able to speak their language and, I think as much as possible, help us
understand a little bit about those cultures.
Morris, like Sergio Castro, has devoted his life to these peopleworking
in a place of political struggle, extreme poverty, and heartbreaking circumstances.
These men are determined to make a difference, Rogers says.
They are men that embody our notion of living humanely in a difficult
world. Having them with our students, having our students see how they
do this, was an incredibly moving and unforgettable part of the trip.
IF ENCOUNTERS with men like Chip and Sergio were our most moving moments,
seeing the tomb of Pacal the Great was the moment we moved most.
The tomb is one of the most celebrated of ancient Mayan sites. Few people
get a chance to see it, and its rarely open to a group as large
But thanks to behind-the-scenes work by David and Nancy Orr and Jack Nelson,
and no dearth of pesos, we had our chance. The catchwe had only
30 minutes to get to the pyramid, climb it, enter the tomb, descend the
stairs to the sarcophagus, and get out.
We were in a part of Mexico where you wait and wait, but when its
time to move, you better run like hell, Warner remembers. Suddenly
we were cleared to see this place, and we rushd to the temple, climbed
about 200 feet at a 45 degree angle, then descended these stairs that
are like ice.
Slicker than snail snot, Rogers adds.
Among the climbers was J.R. Ford, whod struggled earlier in the
trip with his fear of heights. With the clock ticking and park about to
close, there wasnt time for J.R. to work his way down the steps
slowly. And somehow, with the good of the group on the line, he overcame
his fear and kept on the move.
Now thats an experience Ill never forget, seeing four
or five Wabash guys coming at you at a run on those slippery stairslike
being the opposing quarterback and seeing the Little Giant defensive line
coming at you.
We did it quickly, everyone helped those who needed help, and we
did it as a team, Warner says. It was one of the great Wabash
moments of the trip, this camaraderie we felt at doing this.
the brightly colored pennants in the square, the fields of flowers as
we drive in, or the time of daya beautiful early afternoon in the
Chiapas Highlands. Perhaps its because weve been told that
the people well meet in Zinacantan are more open to talking with
us, even having their pictures taken, as long as we ask first. Theyve
embraced the Spanish language more readily than the Chamulans, some say
to the peril of their tradition.
Or maybe its the la vida tiene sabor Coca-Cola
sign at the entrance that makes us feel more at home!
For whatever reason, the students loosen up here. John Russell 02,
whose previous claim to fame was buying the most ridiculous hat in Mexico,
sees kids playing basketball at the outdoor community center courts and
walks over to join in. He stands there trying to get their attention.
Youd think a 6-foot-tall white guy in the middle of this indigenous
town would be hard to ignore. Maybe he should have brought the hat.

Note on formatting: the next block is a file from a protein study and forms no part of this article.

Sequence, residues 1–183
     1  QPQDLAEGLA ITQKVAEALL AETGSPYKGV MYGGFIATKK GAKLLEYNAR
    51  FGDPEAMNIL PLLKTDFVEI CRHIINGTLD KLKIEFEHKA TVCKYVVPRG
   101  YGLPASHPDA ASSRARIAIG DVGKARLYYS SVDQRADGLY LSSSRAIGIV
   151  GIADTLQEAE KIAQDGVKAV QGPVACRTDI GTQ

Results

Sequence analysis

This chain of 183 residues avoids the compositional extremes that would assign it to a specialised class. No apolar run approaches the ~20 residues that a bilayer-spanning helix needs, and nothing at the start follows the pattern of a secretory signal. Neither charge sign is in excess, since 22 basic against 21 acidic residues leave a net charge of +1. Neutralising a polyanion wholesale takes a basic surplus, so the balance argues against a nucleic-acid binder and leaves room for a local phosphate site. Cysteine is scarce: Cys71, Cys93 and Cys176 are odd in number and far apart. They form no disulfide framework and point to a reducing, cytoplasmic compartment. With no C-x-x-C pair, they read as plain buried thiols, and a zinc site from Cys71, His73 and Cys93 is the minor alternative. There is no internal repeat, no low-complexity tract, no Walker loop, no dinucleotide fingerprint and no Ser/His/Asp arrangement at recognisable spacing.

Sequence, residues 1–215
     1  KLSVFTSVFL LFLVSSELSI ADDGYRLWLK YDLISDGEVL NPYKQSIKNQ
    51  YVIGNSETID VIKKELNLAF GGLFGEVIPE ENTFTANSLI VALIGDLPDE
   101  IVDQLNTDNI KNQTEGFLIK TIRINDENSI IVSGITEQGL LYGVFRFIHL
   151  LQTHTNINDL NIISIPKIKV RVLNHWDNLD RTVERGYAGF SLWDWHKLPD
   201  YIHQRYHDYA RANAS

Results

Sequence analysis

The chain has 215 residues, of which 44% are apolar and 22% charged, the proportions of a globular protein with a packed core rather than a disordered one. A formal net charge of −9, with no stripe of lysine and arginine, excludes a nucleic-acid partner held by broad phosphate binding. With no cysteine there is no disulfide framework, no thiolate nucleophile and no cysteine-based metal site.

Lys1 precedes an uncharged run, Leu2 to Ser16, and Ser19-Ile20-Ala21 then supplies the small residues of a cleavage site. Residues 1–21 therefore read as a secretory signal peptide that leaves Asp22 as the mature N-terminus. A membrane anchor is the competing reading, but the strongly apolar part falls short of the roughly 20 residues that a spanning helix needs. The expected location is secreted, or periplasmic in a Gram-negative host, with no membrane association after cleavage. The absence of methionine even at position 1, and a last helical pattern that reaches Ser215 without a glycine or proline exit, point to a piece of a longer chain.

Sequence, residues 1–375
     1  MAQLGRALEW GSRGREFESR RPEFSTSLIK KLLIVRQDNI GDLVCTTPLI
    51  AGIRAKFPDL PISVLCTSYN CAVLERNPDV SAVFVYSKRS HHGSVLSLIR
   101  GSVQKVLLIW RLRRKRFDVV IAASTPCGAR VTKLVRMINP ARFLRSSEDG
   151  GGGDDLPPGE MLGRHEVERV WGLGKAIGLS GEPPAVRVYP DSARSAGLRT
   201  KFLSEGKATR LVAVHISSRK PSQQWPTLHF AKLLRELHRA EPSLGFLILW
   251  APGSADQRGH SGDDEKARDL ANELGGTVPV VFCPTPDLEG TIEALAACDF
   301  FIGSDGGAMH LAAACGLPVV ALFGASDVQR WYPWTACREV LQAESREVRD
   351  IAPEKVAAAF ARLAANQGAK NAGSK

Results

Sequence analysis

I follow the others into a side chapel of the church. Christmas lights
flash and chase each other like the sheep we saw on the hillside as we
drove in. An electronic music box is playing a familiar commercial Christmas
song. Chip, who once again has been joined by a couple of local friends,
explains the melding of Zinacantan tradition with the modern world and
where the beliefs converge. He points out the modern electronic contributions
people in the village have made to the chapels decorations.
And as you can hear, he grins as the electronic box plays
the appropriate tune. Santa Claus IS coming to town.
Its appropriate that our final stop with Chip Morris is a weavers
home. The business enterprise and safe house for widows and divorced women
just off the main square is a part of Sna Jolobil, the Mayan weavers
cooperative that Morris helped organize in 1983. Sna Jolobil preserved
traditional Mayan weaving, leading to the crafts renaissance in
the Mayan villages. We enter a room with beds for four women, very few
belongings, cramped quarters that open to a large courtyard. Joe Orozco
02 is asking questions of a women weaving on a backstrap loom. Soon
the space is filled with bargaining for goods and chatter among friends.
Down the street, Russell has got game. And Carlos Carillo, Dennis Bowers
03, Hernandez, Manker, and Dawson and have joined him. Its
five-on-five, Wabash versus Zinacantan, the Hoosiers against the Highlanders
playing Indianas game in a Mexican village more than 500 years old.
Wabash clearly has the height advantage, but the Zinacantecos are quick
and the court is slippery. The Wallies shoes cant find traction.
Juan Carlo falls on his butt and the kids from Zinacantan are kicking
ours. Its a good day to be indigenous.
The bus driver yells that were running late and need to get back.
The court clears. It seems too abrupt an ending to such a cultural exchange.
But just before he steps on the bus, J.R. Fordthe Chamula candle
tipper himselfpauses, turns, and trots back to the Zinacantecos,